The queen in chess is the most dangerous piece, whose strength is equal to nine pawns. Modern theory attributes it to “heavy pieces” (the second of which is the boat). The appearance of the queen in traditional chess is similar to that of the king, but the king is higher and is marked with a cross in the upper part of the piece (the queen has a small ball instead).
Queens on a chessboard
Each player at the beginning of the game has one queen. Together with the king, queens occupy two central cells on the first and eighth horizontals. Remembering how they are located relative to each other is quite simple. The fields (for black it is d8, and for white it is d1), on which queens are placed, before the start of the game have the same color as the pieces themselves. It is easy for beginner chess players to remember this rule using the rule “the queen loves her color”.
How the queen walks
The queen is able to make moves both vertically and horizontally, and in diagonal directions. Continue reading
A 9 by 9 board is used. Cells are numbered from right to left, as well as from top to bottom. Each cell is rectangular in shape, is not indicated in any way, the cells are not divided into colors. Before the game, in the “upper” cells, white pieces are arranged in 3 rows, and in the “lower” cells, black pieces in the same order. The figures have the appearance of 5-coal-colored plates with hieroglyphs. “Black” and “white” are only verbal designations of the playing sides, the pieces themselves have one color and their affiliation is determined by the direction of the acute angle of the piece. Each piece is set with the sharp side to the opponent. Each player has at his disposal 20 pieces belonging to 8 types, which differ in value, strength and moves.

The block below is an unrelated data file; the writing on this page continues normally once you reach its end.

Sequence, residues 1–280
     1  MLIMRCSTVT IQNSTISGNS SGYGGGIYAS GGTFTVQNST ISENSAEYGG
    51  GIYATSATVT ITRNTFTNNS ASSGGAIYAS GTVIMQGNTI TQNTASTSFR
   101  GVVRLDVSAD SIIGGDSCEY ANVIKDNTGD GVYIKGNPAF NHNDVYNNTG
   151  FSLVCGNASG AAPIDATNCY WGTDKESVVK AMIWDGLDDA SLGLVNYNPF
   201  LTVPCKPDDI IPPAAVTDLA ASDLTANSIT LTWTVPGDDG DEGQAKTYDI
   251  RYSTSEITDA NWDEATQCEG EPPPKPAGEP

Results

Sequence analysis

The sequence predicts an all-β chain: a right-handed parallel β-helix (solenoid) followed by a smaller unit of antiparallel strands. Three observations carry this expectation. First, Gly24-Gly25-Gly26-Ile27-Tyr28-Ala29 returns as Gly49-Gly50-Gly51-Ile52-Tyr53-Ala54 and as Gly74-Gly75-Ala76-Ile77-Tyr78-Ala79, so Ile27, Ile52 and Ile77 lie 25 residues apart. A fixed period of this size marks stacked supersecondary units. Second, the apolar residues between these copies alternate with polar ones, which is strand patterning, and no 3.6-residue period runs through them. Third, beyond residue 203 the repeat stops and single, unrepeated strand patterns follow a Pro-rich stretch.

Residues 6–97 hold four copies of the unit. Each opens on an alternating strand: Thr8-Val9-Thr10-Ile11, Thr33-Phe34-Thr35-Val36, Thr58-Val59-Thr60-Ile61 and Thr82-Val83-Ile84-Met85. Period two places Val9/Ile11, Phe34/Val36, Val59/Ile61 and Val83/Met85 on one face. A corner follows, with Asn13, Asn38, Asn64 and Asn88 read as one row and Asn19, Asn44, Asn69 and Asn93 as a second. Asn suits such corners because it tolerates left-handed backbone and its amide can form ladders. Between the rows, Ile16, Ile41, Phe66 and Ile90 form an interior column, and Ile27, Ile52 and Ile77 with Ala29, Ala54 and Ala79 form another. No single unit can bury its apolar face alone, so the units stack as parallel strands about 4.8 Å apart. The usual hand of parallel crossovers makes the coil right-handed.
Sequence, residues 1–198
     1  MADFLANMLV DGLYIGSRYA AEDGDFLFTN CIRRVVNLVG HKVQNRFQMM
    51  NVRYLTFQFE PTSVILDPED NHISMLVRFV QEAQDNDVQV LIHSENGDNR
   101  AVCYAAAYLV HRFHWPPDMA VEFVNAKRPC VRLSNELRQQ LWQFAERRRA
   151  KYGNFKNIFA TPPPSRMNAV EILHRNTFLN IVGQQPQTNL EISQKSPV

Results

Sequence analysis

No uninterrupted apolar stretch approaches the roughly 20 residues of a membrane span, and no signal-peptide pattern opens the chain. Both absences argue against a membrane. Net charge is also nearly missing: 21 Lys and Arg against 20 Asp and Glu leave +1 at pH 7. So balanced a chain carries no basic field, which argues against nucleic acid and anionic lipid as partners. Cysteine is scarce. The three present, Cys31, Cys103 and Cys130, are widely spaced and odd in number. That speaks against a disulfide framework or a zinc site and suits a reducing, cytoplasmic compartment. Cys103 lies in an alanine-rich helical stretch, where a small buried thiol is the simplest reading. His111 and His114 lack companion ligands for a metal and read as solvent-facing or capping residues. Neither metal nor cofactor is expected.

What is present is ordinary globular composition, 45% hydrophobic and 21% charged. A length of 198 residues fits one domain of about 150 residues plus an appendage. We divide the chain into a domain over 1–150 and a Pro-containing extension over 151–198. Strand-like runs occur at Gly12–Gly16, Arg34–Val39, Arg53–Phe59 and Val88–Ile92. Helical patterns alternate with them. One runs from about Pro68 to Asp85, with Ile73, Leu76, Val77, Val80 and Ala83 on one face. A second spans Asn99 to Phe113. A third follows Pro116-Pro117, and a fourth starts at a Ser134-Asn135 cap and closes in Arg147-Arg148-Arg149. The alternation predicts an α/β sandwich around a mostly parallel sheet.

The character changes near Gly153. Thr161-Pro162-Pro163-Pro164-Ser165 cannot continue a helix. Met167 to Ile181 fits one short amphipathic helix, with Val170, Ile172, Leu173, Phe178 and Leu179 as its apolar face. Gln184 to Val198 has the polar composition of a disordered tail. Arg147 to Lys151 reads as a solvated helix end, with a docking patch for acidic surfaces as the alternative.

The player has the following set of pieces: 1 king, 1 rook, 1 elephant, 2 gold generals and 2 silver generals, Continue reading
Close the door to all the mistakes, and the truth cannot enter
Every person has a tendency to make mistakes, but persistence in error is peculiar only to a fool
I only made a mistake once when I thought I was wrong
I will start with the curiosity told by A. Matsukevich in chess review No. 2 of 2011:
“It was in Germany. At the world chess championship among seniors, that is, grandmasters over 60 years Continue reading